What Does It Really Mean to Inspire Your Buyer?
Deb Calvert · 1 minute read
In last week's blog post, we talked about the prerequisite. Before you can inspire your buyer, you have to establish and maintain credibility. Then -- and only then -- will you be positioned to inspire your buyer.
But just what does that mean? What does it entail? How is that different from selling or persuading? Why bother?
Let's start with the last question: Why bother? Because modern buyers do not want to be sold or persuaded. They avoid sellers whenever possible to dodge the experience of being sold to. Today's empowered buyers are looking for something more.
Sellers who see themselves as leaders do things differently and deliver something more. They inspire their buyers instead of making ho-hum sales pitches. They ignite enthusiasm in their buyers. They differentiate themselves and their products so buyers no longer make comparisons and are, instead, compelled to take action.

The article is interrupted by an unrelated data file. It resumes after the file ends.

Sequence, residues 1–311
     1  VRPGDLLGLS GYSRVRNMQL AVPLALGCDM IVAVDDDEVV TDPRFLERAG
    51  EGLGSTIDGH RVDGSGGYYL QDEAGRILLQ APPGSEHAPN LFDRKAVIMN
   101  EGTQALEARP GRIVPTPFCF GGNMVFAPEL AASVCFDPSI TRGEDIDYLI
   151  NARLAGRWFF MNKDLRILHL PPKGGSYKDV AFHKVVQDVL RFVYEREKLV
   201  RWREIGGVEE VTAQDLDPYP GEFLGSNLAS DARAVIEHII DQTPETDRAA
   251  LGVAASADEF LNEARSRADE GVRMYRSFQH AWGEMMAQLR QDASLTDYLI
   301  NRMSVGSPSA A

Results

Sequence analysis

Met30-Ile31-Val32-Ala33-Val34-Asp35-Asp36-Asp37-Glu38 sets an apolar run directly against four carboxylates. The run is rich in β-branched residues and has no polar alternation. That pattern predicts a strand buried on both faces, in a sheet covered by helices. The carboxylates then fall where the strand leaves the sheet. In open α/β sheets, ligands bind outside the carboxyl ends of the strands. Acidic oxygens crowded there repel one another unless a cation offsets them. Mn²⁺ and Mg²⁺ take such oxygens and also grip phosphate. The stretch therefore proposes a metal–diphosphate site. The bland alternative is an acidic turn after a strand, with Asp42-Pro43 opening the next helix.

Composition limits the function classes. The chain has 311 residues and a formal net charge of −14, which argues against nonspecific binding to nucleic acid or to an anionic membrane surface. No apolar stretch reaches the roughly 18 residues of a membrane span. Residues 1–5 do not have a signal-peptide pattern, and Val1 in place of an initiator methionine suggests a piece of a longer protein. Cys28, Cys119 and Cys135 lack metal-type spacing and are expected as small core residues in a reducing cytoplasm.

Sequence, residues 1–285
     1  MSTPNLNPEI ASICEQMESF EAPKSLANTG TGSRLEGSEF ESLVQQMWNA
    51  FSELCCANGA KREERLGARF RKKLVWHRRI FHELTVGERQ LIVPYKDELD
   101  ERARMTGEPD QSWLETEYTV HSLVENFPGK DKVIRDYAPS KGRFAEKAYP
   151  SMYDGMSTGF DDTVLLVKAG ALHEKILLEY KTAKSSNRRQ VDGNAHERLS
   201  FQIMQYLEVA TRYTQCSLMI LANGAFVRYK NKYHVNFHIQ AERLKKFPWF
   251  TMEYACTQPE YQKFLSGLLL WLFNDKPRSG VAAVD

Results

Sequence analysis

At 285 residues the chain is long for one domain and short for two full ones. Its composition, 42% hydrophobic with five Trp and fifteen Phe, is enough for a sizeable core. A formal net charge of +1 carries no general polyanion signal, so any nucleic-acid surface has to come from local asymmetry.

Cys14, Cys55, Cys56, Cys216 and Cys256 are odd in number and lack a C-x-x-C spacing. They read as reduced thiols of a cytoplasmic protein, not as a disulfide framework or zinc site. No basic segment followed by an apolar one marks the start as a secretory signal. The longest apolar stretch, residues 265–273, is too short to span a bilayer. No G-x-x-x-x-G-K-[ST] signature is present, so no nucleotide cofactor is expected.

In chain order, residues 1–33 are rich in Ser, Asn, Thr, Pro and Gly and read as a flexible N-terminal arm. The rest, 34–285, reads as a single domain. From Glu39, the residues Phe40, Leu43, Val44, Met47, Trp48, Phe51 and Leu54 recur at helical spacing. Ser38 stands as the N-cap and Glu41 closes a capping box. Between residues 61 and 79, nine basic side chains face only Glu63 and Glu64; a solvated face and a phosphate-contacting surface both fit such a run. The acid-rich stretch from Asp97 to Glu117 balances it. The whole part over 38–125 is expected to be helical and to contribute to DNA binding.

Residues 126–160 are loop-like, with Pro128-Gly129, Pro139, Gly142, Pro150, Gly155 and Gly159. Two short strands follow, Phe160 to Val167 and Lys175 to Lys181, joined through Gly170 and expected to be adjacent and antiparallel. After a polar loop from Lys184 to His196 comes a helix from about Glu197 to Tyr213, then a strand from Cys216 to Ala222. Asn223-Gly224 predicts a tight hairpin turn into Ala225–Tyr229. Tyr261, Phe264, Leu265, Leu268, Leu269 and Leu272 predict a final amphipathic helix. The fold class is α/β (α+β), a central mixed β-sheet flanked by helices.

To inspire means:
In its simplest form, from Latin word origins, to inspire means to "breathe life into."
An important distinction must be made. This is about inspiring your buyer or "breathing life into" your buyer. It's not about delivering an inspired presentation. You can try all you want to breathe lots of life into a presentation, but it will never come to life they way your individual buyer might. An over-reliance on slick presentations may, in fact, suck the life (or at least the energy) right out of a buyer.
Inspiration is all about emotional connections and personalization. The facts and figures and rationale in your presentation can't arouse a feeling in your buyer. The generic pitch you deliver with gusto will never, on its own, animate or engage your buyer fully.
To inspire, you need to get past the pitch. You have to stretch beyond the data and the business case. You need to connect, human to human, around the things that matter most to the buyer.